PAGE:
But here was this story where I could really get my teeth into the learning curve of… well… how the heroic sausage gets made.**** I didn’t need to rush to get to the hero because I had no idea what the hero was going to do. Short stories have to be compact and focused compared to novels, but you can put that focus on nearly anything and the reader will go along for a few thousand words if you make it interesting, and if you don’t think that building people out of fetal calf skin and pig teeth is interesting, I’m not sure I can help you.

Of course there did, eventually, have to be the one great work. The training montage is no good without the scene where those skills get put to use. The draft horse woman also struck me as interesting. I’d like to find a story for her someday. She could definitely be a hero.

So that was “Origin Story”’s origin story. From a joke on Twitter to thinking far too much about fairy tales and heroic origins and meat processing. Sometimes you get these ideas, and like sinew threaded on a needle, you follow them to the knot at the end to see where they end up. 


  • *It was The Twisted Ones. I tweeted that my agent put up with a lot, including an elevator pitch that was “The Blair Witch Project meets the Andy Griffith Show.” Navah Wolfe was in my DMs five minutes later demanding to know if it was real, if it had sold, and if she could see it.**
    • **This is a statistically unlikely occurrence and should not be taken as a roadmap for selling books by any prospective authors out there.***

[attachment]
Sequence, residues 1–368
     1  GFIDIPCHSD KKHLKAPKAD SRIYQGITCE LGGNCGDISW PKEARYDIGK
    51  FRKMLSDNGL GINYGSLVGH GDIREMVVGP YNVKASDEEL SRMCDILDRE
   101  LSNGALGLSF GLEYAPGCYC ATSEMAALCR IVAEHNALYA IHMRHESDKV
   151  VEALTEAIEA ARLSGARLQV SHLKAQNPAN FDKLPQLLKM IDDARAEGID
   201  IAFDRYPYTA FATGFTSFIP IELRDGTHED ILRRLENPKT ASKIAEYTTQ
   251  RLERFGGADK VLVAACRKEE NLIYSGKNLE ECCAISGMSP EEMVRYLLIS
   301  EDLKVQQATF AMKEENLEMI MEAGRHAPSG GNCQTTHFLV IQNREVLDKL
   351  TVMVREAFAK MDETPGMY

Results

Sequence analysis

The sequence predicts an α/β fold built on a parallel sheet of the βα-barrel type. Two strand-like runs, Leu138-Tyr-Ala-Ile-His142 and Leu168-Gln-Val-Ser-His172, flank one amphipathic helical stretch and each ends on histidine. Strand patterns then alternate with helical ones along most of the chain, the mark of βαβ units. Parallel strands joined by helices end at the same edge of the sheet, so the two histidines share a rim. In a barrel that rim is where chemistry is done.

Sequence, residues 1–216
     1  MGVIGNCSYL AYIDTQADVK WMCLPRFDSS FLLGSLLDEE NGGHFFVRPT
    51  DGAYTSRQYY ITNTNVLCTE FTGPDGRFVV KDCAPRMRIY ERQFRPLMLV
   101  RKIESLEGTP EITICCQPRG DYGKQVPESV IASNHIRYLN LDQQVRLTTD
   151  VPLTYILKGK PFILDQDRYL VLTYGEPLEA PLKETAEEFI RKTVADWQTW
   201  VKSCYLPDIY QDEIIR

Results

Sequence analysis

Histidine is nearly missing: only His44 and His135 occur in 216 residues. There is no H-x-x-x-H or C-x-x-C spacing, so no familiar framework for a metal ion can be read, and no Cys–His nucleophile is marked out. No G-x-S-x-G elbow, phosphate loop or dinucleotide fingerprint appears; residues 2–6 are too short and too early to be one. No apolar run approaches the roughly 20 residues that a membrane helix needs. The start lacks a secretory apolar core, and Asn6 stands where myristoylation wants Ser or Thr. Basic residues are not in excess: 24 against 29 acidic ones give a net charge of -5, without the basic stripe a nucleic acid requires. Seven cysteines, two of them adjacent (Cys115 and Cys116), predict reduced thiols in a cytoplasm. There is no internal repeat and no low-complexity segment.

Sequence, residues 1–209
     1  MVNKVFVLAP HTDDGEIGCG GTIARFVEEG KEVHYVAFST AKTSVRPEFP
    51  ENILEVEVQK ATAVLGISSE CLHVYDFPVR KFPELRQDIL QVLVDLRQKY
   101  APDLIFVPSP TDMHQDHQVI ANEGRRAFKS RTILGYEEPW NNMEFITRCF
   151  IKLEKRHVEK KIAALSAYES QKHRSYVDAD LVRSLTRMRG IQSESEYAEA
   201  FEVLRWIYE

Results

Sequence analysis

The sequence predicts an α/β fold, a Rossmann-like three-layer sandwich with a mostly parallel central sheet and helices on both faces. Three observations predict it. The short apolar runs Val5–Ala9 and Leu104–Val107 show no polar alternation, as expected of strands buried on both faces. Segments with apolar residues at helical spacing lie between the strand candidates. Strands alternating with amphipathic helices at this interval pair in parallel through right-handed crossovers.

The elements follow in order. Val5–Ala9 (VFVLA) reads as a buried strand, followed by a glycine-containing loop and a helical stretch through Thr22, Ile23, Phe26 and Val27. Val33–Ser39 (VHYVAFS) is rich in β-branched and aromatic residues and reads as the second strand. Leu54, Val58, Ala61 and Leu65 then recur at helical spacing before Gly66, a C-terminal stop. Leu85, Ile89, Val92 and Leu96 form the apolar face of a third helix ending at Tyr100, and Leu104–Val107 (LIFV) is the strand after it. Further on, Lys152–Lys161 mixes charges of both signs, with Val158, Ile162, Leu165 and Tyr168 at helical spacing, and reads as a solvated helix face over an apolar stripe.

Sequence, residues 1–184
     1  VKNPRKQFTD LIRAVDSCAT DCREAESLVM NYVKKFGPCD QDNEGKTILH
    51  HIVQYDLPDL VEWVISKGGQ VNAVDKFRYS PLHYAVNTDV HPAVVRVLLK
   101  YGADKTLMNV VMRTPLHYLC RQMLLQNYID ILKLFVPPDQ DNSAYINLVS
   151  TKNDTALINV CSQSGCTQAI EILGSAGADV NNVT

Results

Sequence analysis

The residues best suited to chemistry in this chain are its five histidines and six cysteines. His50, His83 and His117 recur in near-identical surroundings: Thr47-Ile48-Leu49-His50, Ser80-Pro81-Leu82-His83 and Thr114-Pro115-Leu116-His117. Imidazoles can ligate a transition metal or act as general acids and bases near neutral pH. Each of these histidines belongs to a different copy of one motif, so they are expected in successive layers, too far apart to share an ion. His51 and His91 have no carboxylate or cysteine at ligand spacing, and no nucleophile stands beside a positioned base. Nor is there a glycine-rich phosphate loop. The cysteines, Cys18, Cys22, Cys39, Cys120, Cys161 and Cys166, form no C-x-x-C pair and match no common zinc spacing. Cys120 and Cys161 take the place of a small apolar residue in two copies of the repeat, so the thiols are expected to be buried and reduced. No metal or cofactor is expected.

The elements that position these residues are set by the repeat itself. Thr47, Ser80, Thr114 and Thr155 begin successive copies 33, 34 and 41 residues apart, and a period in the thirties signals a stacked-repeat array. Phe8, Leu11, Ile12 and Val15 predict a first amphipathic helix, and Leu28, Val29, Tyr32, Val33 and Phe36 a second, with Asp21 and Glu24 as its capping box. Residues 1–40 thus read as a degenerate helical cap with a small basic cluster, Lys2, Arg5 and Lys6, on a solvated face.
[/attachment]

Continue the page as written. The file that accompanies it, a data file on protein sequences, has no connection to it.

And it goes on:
• ***I am not allowed to use footnotes in my novels because I will abuse them. 
  • ****There was no way I wasn’t going to make this joke eventually.  

T. Kingfisher, also known as Ursula Vernon, is the author and illustrator of many projects, including the horror novels The Hollow Places and The Twisted Ones, the webcomic “Digger,” which won the Hugo Award for Best Graphic Story and the Mythopoeic Award. Her novelette “The Tomato Thief” won the Hugo Award for Best Novelette, and her short story “Jackalope Wives” won the Nebula Award for Best Story. She is also the author of the bestselling Dragonbreath, and the Hamster Princess series of books for children. Find her online at RedWombatStudio.com.

Listen to her story “Origin Story” on Google Play here, and listen the the entirety of the second season of Come Join Us By The Fire here.



Join Us by the Fire...


Leave a Reply

Your email address will not be published. Required fields are marked *